The Commission will also examine how weaknesses in the COVID-19 response, such as poor contact tracing and delayed availability of test results, contributed to the spread of the pandemic in Africa. The World Health Organization’s (WHO) ‘test-trace and isolate’ strategy, which integrates testing to identify positive cases, tracing all their contacts, isolating those infected, and quarantining those exposed, is one of the most effective methods to stop the spread of the virus. WHO recommended that countries trace and quarantine 80% of close contacts within three days of a case being confirmed to curb the spread of the virus effectively. It remains unclear to what extent countries implemented contact tracing. Data sets from Our World in Data suggest that majority of the countries in Africa did not conduct any contact tracing while for others it was limited to a few cases.

In contrast, one study suggests that more than half of African countries introduced a comprehensive contact tracing policy in response to the pandemic, even though some ended up regressing to limited contact tracing. Countries that have recently dealt with disease outbreaks such as the Ebola may have faired better as most had community health workers in reserve when COVID-19 hit. The Commission can examine the use of contact tracing across the continent and draw important lessons from countries that attempted it.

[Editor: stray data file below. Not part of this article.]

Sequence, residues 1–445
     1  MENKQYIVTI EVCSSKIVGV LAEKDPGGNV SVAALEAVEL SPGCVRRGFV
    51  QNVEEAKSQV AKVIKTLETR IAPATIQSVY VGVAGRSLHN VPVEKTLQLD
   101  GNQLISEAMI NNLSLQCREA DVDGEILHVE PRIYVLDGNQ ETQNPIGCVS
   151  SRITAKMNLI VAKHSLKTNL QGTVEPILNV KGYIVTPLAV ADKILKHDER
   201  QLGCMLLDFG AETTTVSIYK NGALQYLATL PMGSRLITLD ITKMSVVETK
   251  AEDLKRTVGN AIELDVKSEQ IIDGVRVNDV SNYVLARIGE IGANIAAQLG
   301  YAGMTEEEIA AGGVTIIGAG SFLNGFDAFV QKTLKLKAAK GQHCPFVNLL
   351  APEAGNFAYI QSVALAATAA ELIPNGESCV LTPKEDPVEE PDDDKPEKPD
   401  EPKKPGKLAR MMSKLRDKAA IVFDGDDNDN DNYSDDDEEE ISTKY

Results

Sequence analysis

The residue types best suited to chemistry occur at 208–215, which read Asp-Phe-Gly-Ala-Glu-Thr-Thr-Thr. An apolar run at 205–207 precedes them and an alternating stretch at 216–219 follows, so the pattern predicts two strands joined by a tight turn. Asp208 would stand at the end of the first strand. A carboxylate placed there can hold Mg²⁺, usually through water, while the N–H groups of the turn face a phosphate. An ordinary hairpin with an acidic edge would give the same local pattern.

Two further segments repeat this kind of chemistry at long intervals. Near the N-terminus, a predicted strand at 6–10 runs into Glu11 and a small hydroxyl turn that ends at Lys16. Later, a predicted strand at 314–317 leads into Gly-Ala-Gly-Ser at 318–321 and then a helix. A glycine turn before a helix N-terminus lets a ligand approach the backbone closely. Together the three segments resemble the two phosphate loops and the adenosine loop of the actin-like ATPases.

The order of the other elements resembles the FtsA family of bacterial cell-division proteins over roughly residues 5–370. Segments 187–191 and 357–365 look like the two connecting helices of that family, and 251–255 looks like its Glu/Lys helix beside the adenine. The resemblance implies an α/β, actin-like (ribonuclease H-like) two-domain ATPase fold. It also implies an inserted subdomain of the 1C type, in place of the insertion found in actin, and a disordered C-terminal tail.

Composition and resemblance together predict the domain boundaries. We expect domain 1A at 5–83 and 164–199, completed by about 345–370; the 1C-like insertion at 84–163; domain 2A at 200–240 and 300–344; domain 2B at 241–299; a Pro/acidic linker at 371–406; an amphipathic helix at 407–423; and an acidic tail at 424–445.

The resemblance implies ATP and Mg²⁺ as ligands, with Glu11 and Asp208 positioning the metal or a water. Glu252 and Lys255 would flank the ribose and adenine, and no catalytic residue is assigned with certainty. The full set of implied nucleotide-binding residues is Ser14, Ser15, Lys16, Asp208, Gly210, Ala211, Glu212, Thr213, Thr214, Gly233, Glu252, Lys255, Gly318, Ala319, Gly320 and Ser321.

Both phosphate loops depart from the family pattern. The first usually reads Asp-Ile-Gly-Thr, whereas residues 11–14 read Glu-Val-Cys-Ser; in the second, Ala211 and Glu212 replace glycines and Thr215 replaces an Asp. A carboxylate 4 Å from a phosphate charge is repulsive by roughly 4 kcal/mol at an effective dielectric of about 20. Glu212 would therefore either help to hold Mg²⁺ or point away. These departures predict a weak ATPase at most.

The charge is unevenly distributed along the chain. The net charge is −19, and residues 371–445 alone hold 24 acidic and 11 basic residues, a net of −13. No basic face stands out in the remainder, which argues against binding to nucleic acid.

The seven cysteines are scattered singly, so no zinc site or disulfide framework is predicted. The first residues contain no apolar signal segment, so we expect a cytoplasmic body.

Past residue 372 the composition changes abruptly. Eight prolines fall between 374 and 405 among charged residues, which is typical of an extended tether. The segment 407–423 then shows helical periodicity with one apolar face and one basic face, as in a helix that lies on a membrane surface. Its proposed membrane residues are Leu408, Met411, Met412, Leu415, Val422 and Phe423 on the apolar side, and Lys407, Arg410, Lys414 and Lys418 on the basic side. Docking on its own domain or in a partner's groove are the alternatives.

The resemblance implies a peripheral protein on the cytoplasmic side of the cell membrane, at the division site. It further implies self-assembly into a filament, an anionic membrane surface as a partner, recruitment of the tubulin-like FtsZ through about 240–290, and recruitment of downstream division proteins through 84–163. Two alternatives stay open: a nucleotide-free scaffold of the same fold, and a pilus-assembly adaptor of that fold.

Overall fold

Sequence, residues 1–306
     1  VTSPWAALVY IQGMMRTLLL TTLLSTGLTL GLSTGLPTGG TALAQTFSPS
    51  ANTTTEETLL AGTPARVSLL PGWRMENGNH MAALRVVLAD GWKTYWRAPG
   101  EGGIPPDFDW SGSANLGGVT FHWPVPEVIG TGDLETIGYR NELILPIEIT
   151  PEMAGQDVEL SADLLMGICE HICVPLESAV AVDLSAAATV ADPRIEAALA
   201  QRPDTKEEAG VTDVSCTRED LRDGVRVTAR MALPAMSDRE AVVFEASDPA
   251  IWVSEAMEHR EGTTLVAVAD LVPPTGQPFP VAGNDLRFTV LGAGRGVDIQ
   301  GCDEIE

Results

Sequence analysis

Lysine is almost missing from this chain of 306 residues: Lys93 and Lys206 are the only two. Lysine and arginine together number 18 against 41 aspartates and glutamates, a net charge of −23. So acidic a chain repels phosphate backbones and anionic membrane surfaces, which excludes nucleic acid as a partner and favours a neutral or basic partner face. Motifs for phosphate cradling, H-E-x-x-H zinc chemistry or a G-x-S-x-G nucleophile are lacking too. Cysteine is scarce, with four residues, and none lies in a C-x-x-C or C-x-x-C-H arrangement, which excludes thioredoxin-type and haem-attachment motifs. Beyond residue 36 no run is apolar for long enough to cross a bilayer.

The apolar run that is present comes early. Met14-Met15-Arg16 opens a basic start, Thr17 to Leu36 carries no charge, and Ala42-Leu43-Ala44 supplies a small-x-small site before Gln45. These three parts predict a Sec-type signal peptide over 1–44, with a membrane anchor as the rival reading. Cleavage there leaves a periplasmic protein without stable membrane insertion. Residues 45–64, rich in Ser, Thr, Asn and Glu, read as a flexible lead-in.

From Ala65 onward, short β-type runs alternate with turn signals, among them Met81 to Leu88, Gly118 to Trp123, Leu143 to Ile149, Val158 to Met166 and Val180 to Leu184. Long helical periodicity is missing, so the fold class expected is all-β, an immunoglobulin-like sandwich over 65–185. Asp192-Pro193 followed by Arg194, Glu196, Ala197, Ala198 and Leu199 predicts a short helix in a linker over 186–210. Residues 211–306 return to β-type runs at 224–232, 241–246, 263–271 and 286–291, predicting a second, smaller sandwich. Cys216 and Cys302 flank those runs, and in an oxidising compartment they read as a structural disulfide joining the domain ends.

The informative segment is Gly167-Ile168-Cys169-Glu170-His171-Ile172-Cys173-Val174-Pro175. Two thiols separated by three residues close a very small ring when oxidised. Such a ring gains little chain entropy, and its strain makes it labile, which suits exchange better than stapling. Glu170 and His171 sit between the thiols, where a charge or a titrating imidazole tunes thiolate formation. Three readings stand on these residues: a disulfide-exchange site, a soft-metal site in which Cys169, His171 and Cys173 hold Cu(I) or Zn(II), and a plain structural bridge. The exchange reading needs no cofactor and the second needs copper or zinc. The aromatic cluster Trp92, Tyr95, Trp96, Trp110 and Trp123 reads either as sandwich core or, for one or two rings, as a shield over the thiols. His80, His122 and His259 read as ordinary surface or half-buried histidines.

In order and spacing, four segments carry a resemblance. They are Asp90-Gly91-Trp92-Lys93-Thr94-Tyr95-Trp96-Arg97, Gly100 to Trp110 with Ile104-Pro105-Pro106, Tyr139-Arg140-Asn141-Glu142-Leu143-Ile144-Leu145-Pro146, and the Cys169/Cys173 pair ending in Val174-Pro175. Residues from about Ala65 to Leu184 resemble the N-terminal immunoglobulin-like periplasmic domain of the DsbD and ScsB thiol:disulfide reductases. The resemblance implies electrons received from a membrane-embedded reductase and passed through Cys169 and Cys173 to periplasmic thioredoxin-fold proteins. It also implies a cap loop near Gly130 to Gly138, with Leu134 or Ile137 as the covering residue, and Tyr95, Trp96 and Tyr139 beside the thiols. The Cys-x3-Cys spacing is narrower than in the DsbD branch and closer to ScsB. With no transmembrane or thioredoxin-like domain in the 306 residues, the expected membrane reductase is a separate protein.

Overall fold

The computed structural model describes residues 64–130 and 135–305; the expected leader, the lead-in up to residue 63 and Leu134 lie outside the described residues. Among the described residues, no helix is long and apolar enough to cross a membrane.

The Commission’s work will be critical for the next outbreak

Outbreaks, particularly those spilling from animals to humans, have been rising in recent decades, including influenza, Ebola, and Zika virus. Models based on historical data show that the next pandemic could be sooner and more severe than the current COVID-19 pandemic. One modelling study estimated a 47-57% chance of another global pandemic as deadly as COVID-19 in the next 25 years. This is due to the increased frequency and severity of spill-over infectious diseases from wild animals to humans.

Despite previous warnings of the likelihood of potential outbreaks and calls to make robust preparations to detect and manage them promptly, COVID-19 caught most countries by surprise, allowing it spread at a rapid rate at the initial stages. The Commission’s work should help correct weaknesses in outbreak preparedness and response in Africa in anticipation of future potential public health emergencies of whatever magnitude. The African-focused Commission, run by Africans, should define and refine the best measures to curb the spread of future outbreaks with due consideration of the African context.